From School Library Journal
On Memorial Day 2007, award-winning CBS foreign correspondent Dozier's life changed forever. She and her crew were covering a routine patrol in Baghdad when they were hit by a car bomb that left four people dead and Dozier with massive injuries to her legs and head. Here, she recounts her struggle to stay alive, her survivor's guilt, and her road to recovery. An engaging and compelling book whose delivery is strengthened by Dozier's experience as a journalist and radio broadcaster; recommended for all public libraries. [Audio clip, author interview, and CBS video footage taken moments after the blast available through www.tantor.com.—Ed.]—Emma Duncan, Brampton Lib., Ont.
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The book is fairly gritty and unvarnished about the hospital and recovery process, so hospital staff recommend that loved ones read it to understand what a patient is going through. Military commanders say the blow-by-blow of the bombing also starts conversations between troops and loved ones about what they've seen overseas.
Kimberly Dozier is a former CBS news correspondent who became the news during an embed assignment in Baghdad over the Memorial Day weekend in 2006. What was to be a 'routine' assignment, if such a thing existed, turned into a hellish nightmare after a 500 pound car bomb was detonated at the scene. Assigned to follow a patrol over the holiday while Americans at home were eating their barbeque and doing their best to forget about the war, the incident put the war back 'above the fold'. Four members of the party, Captain ames Alex Funkhouser, USA, CBS cameraman Paul Douglas, CBS soundman James Brolan and Captain Funhouser's Iraqi translator, Sam, died at the scene, all but Douglas, instantly. Breathing the Fire is Dozier's account of that day and the aftermath it wrought. The story is engrossing, and as a reporter, Dozier makes it a compelling read. The book opens with Dozier setting the scene the night before the assignment. From there she darts back and forth through time, recounting the story as well as how she put the pieces of the story together. Not unusually for a traumatic brain injury (TBI) sufferer, it took a lot of time and a lot of digging to get the pieces to fall into place. She had to rely on information from outside sources until her slowly recovering brain could fill in all the facts. Breathing the Fire gives an in-depth view of trauma care and a small glimpse of the people who provide it. Dozier sets the scene from the Baghdad street corner all the way through her return to work. Included are stops at the Combat Support Hospital (CSH) in Baghdad's Green Zone and the Landstuhl Regional Medical Center, a "way station" in Germany for injured troops from Iraq and Afghanistan, as well as troops based in Germany and their family members. From there Dozier is transferred to the National Naval Medical Center in Bethesda, Maryland, and finally to Kernan Hospital for further rehabilitation. Through each step, Dozier paints a vivid picture of her injuries, her pain and her care. The tale is emotionally raw and honest. She describes the toll that the bomb took not only on her and her loved ones, but those of the other victims as well. She talks to other service members from the scene as well as family members of those that were lost. In the process, she also tells the story of how she got to her position in Baghdad. The book is really an autobiography of her entire life, including her fight to return to 'normal life' and get back in the field. Overall, this was a riveting read; almost in stream-of-consciousness mode, the pages keep turning as the tale moves along. The faults are few: Dozier shows a tendency to repeat herself occasionally; the quickly shifting timeline can be a little confusing at times; she also tends to break situations, things and people into simply dichotomies. There is very little grey; there is good and there is evil. And, with very few exceptions, regarding people, the split is class-based: military figures in the field are all good, administrators, not so much. Nurses and corpsmen are good, doctors tend to be evil. (This is one area where exceptions can be found, notably Dr. Dunne at Bethesda) Additionally, Dozier spends a decent amount of the book justifying herself, her life and her career choices. While understandable given the context, at times it doesn't come across very well. She mentions in the postscript to the paperback edition that with some time and distance, she saw the writing as "angry" and chose not to edit that out, as it was her true self at that time. I didn't sense anger so much as defensiveness and I don't know that Dozier has anything about which to be defensive.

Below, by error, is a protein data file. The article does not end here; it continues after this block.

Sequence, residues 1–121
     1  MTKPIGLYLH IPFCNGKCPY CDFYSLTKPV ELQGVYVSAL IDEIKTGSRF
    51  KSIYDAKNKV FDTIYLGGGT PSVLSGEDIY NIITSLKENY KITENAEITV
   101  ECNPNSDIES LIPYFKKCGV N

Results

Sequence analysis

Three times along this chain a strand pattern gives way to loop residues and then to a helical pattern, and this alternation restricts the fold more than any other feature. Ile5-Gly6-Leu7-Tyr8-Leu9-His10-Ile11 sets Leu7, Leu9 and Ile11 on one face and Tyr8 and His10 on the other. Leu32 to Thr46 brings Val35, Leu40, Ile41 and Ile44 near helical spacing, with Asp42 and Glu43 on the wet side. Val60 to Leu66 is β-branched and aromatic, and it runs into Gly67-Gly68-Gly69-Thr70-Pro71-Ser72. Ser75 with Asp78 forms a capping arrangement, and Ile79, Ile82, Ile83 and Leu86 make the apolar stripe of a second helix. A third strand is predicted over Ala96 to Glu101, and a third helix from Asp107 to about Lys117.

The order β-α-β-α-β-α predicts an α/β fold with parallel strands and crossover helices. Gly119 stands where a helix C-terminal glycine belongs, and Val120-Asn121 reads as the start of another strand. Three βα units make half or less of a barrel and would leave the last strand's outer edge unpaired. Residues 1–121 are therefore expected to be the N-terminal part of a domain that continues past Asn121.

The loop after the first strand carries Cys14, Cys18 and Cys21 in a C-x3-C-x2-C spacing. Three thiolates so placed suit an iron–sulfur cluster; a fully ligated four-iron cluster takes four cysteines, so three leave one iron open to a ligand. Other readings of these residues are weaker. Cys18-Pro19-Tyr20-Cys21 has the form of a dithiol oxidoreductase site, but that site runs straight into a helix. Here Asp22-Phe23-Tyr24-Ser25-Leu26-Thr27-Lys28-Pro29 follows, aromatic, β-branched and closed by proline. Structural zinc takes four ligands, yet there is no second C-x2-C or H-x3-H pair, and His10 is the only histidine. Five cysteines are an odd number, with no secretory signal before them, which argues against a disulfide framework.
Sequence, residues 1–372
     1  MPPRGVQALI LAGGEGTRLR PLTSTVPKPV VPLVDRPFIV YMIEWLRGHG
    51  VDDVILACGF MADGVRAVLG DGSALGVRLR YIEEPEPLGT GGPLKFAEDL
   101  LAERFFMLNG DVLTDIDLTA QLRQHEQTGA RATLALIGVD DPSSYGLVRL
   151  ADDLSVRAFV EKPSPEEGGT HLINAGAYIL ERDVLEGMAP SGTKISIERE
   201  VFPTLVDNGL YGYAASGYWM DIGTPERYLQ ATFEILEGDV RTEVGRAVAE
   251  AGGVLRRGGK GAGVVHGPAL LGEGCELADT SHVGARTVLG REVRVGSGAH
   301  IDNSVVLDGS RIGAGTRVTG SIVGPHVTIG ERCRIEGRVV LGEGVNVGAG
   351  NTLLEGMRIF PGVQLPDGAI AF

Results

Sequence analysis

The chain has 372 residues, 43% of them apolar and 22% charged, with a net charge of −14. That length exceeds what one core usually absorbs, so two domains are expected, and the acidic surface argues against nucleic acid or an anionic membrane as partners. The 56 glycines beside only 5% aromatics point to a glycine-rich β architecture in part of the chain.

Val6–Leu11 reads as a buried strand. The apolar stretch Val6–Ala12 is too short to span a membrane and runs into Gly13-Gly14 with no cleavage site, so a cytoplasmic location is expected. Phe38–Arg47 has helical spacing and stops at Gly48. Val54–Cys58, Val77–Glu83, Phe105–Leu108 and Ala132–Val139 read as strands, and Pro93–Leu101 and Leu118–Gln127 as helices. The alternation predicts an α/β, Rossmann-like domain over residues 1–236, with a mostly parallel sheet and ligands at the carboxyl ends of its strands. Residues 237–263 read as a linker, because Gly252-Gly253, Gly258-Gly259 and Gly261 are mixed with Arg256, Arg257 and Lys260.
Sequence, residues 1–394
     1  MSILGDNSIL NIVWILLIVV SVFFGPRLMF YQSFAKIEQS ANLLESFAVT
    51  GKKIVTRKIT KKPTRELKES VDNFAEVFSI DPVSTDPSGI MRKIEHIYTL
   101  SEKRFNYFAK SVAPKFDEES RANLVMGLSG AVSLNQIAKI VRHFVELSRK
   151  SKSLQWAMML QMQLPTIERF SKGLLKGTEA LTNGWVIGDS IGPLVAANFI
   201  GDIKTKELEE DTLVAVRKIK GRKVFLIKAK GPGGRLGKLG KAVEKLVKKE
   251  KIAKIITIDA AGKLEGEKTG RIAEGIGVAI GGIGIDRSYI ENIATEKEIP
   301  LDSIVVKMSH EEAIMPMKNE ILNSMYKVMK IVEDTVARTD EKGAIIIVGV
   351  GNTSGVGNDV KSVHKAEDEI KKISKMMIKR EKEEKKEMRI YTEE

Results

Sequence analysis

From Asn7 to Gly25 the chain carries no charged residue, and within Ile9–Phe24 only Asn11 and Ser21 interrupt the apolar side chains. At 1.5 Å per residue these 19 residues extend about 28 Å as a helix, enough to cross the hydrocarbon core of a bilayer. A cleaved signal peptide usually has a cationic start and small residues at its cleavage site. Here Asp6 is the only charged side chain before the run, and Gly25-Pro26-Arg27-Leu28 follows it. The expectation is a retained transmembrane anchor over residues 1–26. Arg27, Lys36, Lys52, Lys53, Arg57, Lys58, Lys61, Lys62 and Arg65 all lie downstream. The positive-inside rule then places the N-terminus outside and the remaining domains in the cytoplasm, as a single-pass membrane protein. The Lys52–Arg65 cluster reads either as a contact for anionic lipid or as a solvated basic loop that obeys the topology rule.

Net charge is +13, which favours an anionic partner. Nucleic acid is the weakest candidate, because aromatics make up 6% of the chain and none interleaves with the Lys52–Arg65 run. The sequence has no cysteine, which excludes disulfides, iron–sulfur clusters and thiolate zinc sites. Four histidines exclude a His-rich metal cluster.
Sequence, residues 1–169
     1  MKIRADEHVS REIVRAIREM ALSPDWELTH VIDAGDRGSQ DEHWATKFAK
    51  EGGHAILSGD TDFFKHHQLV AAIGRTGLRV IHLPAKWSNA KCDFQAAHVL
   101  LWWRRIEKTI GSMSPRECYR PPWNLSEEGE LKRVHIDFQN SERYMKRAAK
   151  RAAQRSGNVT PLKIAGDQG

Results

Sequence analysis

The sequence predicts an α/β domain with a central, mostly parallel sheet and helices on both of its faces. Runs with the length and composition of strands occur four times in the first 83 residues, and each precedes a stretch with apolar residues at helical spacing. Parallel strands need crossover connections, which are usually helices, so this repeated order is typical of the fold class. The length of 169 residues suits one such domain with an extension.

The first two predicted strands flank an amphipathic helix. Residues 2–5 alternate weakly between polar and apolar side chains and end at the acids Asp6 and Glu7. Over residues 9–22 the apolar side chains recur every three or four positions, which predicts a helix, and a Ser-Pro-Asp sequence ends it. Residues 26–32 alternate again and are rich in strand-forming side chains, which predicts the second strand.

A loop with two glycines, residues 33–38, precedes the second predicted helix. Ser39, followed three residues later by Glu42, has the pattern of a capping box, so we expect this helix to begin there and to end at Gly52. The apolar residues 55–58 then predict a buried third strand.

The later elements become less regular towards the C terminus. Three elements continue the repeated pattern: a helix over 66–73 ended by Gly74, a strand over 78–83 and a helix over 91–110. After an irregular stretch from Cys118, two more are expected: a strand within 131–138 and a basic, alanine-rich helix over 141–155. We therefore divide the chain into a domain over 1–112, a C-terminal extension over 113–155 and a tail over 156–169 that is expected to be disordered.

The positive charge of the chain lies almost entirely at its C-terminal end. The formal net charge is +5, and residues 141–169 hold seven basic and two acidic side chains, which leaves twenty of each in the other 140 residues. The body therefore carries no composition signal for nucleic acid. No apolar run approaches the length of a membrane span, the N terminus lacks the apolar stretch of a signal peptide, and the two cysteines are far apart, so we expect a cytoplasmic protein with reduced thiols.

This is the best book I've read about being blown up in Iraq, nearly dying, and recovering. Kim, one of the more courageous people I've ever met, is donating all profits to charities for wounded soldiers. So what are you waiting for?